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University Calendar
Events for June

  • PhD Thesis Proposal - Isabel Rayas

    Wed, Jun 01, 2022 @ 01:30 PM - 03:00 PM

    Computer Science

    University Calendar


    PhD Candidate: Isabel Rayas

    Title: Advancing robot autonomy for long-horizon tasks

    Committee:
    Prof. Gaurav Sukhatme (chair)
    Prof. Stefanos Nikolaidis
    Prof. Dave Caron
    Prof. Heather Culbertson
    Prof. S.K. Gupta

    Abstract:
    Autonomy is essential for unstructured, long-horizon robotic tasks. Three aspects that help enable autonomy include allowing high-level goal descriptions in the task specification; reducing human intervention required to complete the task; and actively using information gained so far or about the problem in order to make a decision at each step in the task. In this talk, I will discuss how we can use techniques in motion planning to plan efficient motions for long-horizon, sequential tasks, and to learn how to represent motion constraints from demonstrations. Additionally, I will describe recent work and propose several projects using techniques in informative path planning to allow one or more autonomous robots to explore an environment while gathering information useful to the scientists that deployed them.

    Zoom info:
    Time: Jun 1, 2022 01:30 PM Pacific Time (US and Canada)
    https://usc.zoom.us/j/91309840836?pwd=WXpsYXVuak1VVHlYcnYyYk9mNmZKZz09




    Location: Ronald Tutor Hall of Engineering (RTH) - 406

    WebCast Link: https://usc.zoom.us/j/91309840836?pwd=WXpsYXVuak1VVHlYcnYyYk9mNmZKZz09

    Audiences: Everyone Is Invited

    Contact: Lizsl De Leon

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  • PhD Thesis Proposal - Yilei Zeng

    Wed, Jun 01, 2022 @ 06:30 PM - 07:30 PM

    Computer Science

    University Calendar


    PhD Candidate: Yilei Zeng

    Title: "Learning Social Sequential Decision Making in Online Games"

    Date and Time: 06/01 6:30pm

    Committee:
    Emilio Ferrara(Chair), Aiichiro Nakano(CS tenured), Stefanos Nikolaidis(CS tenure track), Dimitri Williams(Annenberg tenured), Michael Zyda (CS)

    Abstract:
    As the most significant entertainment industry by far, online games provide many of the most immersive experiences and are perceived as entrance points to the Metaverse. As the virtual worlds become more social and personalized, the need for human-centered AI to understand and model how humans make decisions in games grows. This thesis proposal introduces human-centered recommender systems in games that expand on three scales. We present social scenarios in microscale teams, mesoscale communities, and macroscale crowds. We also show the efficacies of small, heterogeneous, and multimodal data. The applications on the three scales are generalizable toward broader shopping, social, and content recommendations.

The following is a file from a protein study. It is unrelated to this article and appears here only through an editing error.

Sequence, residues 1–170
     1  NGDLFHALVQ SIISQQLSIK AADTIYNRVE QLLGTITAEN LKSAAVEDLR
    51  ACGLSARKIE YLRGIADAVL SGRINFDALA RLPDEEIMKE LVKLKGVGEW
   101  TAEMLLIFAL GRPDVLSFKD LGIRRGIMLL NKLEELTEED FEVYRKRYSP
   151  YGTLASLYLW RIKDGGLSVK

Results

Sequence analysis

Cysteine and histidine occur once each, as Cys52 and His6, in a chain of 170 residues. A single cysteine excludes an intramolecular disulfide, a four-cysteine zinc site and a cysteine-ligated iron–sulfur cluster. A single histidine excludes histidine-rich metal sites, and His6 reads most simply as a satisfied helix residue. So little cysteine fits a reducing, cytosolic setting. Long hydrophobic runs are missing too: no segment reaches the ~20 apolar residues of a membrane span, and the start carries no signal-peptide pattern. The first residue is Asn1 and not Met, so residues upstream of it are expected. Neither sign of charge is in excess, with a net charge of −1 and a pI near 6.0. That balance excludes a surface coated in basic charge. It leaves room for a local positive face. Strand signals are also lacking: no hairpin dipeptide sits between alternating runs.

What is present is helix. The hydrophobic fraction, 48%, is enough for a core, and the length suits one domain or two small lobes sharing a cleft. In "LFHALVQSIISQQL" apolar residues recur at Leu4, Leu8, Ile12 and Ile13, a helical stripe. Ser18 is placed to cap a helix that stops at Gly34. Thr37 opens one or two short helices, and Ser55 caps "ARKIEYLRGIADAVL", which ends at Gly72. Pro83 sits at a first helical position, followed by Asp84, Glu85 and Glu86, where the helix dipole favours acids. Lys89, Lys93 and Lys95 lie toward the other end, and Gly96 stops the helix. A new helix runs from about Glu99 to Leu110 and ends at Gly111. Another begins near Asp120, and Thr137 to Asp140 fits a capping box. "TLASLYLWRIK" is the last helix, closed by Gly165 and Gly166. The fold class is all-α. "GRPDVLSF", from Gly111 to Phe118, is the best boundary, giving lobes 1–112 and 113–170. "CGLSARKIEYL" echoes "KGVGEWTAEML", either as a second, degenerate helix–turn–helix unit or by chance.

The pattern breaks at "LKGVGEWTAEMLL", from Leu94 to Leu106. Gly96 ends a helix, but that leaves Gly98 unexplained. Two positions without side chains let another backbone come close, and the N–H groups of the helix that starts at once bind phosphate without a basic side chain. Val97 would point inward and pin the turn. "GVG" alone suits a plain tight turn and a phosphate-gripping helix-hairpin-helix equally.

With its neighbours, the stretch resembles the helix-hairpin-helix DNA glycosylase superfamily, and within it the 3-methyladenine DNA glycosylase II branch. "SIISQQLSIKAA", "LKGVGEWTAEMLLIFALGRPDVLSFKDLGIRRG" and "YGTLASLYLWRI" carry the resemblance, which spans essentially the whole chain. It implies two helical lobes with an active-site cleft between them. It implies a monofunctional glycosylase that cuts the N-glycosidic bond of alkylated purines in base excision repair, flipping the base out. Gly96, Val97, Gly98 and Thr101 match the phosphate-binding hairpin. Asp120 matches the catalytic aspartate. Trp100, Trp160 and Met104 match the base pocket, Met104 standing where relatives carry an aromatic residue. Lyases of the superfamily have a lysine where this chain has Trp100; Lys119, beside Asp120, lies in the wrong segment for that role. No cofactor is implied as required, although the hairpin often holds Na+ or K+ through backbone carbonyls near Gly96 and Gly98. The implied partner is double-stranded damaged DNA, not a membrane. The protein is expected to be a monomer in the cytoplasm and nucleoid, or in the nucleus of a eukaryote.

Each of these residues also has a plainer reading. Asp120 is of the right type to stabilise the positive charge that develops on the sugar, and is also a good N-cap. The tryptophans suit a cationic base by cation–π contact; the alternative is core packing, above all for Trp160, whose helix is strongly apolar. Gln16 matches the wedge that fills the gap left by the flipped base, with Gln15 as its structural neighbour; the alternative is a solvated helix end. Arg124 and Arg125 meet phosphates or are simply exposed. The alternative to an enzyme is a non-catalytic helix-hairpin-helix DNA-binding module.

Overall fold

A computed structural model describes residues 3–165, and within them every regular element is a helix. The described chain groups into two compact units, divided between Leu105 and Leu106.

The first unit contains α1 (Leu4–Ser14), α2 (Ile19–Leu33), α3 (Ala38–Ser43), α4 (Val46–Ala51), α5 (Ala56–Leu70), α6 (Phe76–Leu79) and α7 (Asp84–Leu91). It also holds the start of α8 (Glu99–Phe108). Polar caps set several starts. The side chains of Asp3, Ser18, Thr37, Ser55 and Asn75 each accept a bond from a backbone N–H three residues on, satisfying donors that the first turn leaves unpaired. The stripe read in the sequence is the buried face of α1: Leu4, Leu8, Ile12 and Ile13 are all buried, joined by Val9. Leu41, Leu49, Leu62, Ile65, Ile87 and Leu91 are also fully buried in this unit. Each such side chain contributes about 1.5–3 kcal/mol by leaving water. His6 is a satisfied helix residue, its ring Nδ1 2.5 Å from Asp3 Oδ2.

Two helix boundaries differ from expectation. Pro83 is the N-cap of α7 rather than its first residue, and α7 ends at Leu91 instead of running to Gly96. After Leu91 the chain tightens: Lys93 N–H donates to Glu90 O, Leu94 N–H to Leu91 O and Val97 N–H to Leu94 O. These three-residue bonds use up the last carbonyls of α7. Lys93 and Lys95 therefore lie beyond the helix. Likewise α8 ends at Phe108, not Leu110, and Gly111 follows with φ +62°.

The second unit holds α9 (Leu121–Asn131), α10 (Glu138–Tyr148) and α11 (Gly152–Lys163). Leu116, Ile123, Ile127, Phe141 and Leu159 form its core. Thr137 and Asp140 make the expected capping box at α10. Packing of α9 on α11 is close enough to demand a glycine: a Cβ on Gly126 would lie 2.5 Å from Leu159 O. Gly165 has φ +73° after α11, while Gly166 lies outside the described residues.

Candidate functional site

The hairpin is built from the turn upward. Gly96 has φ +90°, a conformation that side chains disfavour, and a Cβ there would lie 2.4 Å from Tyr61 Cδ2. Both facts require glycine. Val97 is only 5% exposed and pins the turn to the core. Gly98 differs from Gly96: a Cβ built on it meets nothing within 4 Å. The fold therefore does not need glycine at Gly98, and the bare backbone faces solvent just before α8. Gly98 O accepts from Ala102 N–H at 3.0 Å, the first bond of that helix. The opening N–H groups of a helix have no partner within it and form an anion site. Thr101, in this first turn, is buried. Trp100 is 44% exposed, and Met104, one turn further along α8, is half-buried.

WebCast Link: https://usc.zoom.us/j/92485472421?pwd=cWxqQlIxa2Q3bHEvbkRiUnNEZFE2UT09

    Audiences: Everyone Is Invited

    Contact: Lizsl De Leon

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  • PhD Defense - Chen-Yu Wei

    Fri, Jun 03, 2022 @ 03:00 PM - 05:00 PM

    Computer Science

    University Calendar


    PhD Candidate: Chen-Yu Wei

    Title: Robust and adaptive online decision making

    Committee members: Haipeng Luo (host), David Kempe, Rahul Jain, Jaipeng Zhang

    Time: 3pm - 5pm, June 3 (Friday)

    Zoom link: https://usc.zoom.us/j/96811461450

    Abstract:

    Online learning (or online decision making) is a learning paradigm that involves real-time interactions between the learner and the environment. The learner has to make real-time decisions based on past data, and the learner's decision may further affect the data distribution in the future. This is more challenging than the traditional machine learning framework where the data is i.i.d. and the learner's decisions do not affect data distribution.

    Because the learner's decisions are involved in the data collection process, an important general question is "how to efficiently explore the world in order to learn a good policy?" Past research has developed algorithms that can perform strategic exploration, and achieve near-optimal performance in the most difficult environment. However, this worst-case view is too pessimistic since there are usually some benign properties of the environment that the learner can take advantage of. Thus, a natural question is "how to design algorithms that can take advantage of the easiness of the environment?" We answer this question by developing algorithms whose performance can adapt to the easiness of the environment for several canonical online learning settings.